Here’s an overview of key U.S. employment laws. 


The Fair Labor Standards Act (FLSA)

The Fair Labor Standards Act (FLSA) of 1938 prescribes standards for wages and overtime pay, which affect most private and public employment. The FLSA requires employers to pay employees who are not otherwise exempt at least the federal minimum wage and overtime pay of 1.5 times the regular rate of pay. (An exempt employee is salaried, and does not receive overtime pay or qualify for minimum wage.) The FLSA also restricts the hours that children under age 16 are allowed to work and prohibits the employment of children under age 18 in jobs considered too dangerous.


Occupational Safety and Health Act (OSH)

The OSH Act of 1970 is administered by the Occupational Safety and Health Administration (OSHA). Covered employers must comply with OSHA’s regulations as well as their health and safety standards. Under the OSH Act, employers must also provide employees with a workplace free from recognized, serious hazards, which include everything from workplace violence to hazardous material spills. OSHA enforces the law through workplace inspections and investigations.

While the U.S. Department of Labor oversees federal employee compensation, it has no oversight of state workers’ compensation programs. State government or private company employees should contact the workers’ compensation program from their state for more information.

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Family and Medical Leave Act (FMLA)

One of the most well-known and often-used labor laws is the Family and Medical Leave Act (FMLA) of 1993, which requires employers to provide up to 12 weeks of unpaid, job-protected leave to eligible employees for the birth or adoption of a child or for the serious illness of the employee or the employee’s spouse, child or parent.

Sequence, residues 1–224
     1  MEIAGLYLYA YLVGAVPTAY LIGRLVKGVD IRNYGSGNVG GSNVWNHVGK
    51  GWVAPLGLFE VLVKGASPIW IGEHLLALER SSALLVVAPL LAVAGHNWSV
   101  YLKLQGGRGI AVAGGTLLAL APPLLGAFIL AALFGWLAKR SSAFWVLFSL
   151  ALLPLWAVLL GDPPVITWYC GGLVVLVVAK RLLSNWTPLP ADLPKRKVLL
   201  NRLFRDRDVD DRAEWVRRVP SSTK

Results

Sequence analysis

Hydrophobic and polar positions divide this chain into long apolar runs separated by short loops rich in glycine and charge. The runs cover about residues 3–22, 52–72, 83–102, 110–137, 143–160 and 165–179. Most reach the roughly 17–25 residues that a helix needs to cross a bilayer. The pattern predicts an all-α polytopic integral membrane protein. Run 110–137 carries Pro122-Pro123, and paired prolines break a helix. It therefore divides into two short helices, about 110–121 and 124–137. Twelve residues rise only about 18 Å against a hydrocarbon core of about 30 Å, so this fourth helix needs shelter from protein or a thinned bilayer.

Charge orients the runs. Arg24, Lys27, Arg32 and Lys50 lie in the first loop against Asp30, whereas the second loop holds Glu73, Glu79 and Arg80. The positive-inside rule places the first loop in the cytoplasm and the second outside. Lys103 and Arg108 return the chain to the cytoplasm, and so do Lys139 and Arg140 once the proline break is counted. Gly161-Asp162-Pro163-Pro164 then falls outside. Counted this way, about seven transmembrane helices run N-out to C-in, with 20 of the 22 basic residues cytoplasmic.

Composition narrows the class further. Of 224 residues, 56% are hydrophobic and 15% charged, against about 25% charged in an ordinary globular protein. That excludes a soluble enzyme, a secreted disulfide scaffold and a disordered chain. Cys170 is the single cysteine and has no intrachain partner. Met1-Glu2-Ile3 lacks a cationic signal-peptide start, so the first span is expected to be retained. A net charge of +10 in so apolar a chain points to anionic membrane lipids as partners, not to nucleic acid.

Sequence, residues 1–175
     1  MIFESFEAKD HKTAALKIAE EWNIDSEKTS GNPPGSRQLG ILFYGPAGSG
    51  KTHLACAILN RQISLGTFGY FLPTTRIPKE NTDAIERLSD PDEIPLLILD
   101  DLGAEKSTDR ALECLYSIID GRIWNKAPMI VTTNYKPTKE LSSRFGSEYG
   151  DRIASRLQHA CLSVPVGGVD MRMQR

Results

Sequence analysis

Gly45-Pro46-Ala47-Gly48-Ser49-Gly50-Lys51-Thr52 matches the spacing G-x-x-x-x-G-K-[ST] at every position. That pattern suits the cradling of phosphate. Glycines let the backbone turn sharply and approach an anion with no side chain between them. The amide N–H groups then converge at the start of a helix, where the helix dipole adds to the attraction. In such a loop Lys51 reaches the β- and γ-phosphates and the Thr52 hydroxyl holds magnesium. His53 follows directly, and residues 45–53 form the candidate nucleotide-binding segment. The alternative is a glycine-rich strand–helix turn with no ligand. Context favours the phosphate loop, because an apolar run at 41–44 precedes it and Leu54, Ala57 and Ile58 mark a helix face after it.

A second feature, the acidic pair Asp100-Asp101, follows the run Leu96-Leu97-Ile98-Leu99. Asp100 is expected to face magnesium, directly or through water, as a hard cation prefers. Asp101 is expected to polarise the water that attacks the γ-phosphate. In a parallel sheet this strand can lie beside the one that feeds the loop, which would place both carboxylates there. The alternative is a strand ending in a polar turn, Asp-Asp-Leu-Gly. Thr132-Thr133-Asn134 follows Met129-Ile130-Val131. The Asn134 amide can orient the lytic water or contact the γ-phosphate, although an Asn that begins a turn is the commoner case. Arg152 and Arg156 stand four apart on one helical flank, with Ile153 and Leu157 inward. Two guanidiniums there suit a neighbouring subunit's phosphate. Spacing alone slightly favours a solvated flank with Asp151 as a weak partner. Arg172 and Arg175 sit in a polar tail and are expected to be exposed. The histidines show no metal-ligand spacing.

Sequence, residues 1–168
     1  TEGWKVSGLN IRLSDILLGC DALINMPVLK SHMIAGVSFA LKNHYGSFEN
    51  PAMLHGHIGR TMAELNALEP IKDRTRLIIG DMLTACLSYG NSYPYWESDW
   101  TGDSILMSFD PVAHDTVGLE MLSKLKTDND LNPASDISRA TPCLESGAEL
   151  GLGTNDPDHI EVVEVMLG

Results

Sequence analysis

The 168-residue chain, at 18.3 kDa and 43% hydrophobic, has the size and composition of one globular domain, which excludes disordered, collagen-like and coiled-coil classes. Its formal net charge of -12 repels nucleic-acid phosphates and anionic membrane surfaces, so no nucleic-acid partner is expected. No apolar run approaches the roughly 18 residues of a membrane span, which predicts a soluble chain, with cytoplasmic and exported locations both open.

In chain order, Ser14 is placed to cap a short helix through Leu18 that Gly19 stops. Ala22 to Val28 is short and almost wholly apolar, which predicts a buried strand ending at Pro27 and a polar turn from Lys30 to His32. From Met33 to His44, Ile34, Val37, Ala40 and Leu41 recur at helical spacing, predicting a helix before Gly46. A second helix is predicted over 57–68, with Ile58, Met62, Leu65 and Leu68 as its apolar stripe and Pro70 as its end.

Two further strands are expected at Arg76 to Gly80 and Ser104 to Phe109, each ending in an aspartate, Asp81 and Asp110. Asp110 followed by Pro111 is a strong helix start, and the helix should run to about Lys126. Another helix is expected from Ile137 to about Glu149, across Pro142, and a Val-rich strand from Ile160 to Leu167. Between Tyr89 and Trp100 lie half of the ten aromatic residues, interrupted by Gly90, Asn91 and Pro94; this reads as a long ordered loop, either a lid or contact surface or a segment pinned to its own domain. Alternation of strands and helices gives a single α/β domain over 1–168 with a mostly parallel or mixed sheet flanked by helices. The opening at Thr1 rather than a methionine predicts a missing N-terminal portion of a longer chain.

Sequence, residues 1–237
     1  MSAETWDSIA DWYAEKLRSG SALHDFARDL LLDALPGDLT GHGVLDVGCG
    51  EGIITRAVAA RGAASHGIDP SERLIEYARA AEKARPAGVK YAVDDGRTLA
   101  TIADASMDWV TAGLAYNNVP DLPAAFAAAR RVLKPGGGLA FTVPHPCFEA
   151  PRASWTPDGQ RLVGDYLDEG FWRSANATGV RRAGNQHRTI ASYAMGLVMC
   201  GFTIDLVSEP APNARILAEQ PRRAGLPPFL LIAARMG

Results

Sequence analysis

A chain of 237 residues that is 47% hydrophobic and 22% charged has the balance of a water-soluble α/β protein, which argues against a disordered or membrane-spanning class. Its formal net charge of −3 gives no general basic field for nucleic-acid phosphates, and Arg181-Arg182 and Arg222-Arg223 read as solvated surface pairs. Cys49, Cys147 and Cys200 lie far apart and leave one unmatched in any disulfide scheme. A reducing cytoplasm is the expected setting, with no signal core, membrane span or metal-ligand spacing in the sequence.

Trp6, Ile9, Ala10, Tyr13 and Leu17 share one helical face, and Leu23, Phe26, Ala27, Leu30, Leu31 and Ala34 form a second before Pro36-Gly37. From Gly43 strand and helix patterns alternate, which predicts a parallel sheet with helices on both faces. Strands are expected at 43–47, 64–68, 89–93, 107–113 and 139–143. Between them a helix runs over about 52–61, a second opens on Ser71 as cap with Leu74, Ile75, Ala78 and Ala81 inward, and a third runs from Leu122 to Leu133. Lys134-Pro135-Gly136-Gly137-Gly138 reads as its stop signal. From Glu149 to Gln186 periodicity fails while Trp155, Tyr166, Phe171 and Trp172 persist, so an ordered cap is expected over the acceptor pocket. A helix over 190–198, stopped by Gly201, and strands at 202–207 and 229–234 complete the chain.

Employee Retirement Income Security Act (ERISA)

The Employee Retirement Income Security Act of 1974 (ERISA) regulates employers who offer pension or welfare benefit plans for their employees. Certain employers and plan administrators must fund an insurance system to protect specific retirement benefits and pay premiums to the federal government.

The federal government also has labor laws governing:

A more obscure law is the Employee Polygraph Protection Act, which prohibits most employers from using lie detectors on employees but permits polygraph tests in specific circumstances.

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Common Causes of Action in Employment Law

Employees can take legal action against their employer as individuals or as a union. While it’s more difficult, employers can also sue their employees. It’s important for both parties to be proactive and know their rights and responsibilities to avoid running afoul of the law. 


When Can Employees Sue Their Employers?

  • Inconsistent discipline/discrimination: Employers must ensure they’re applying disciplinary measures uniformly across employees. If an employee gets away with something for which their coworker was fired, the terminated employee could claim discrimination and pursue legal action.  
  • Workplace harassment: This is a type of discrimination that violates federal or state anti-discrimination laws. Harassment can prompt legal action if a workplace becomes hostile, abusive or intimidating.
  • Wrongful termination: Firing an employee for illegal reasons or in a way that breaches a contract constitutes wrongful termination. Examples include an employer making an employee’s work so difficult that they quit on their own, an employee getting fired due to discrimination or an employee reporting an employer for illegal activity and getting fired (retaliation).
  • Wage law violations: Employers can face legal action for denial of overtime pay, errors in the calculation of hours and overtime, and misclassifying employees as independent contractors.

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When Can Employers Sue Their Employees?

  • Negligence: If an employee causes injury to another person or property, the employer may be able to sue.
  • Defamation: If an employee knowingly makes false statements that harm the employer’s business or reputation, the employer may pursue legal action. Even if the statement doesn’t cause any monetary loss, if it is harmful to the employer’s reputation they may face a lawsuit.
  • Violating a non-compete clause: Many employment contracts prevent an employee from working in a specific field within a set geographic area for a certain time post-employment. Certain states no longer enforce non-compete clauses, but many still uphold the agreements if they find that they were reasonable and made in good faith.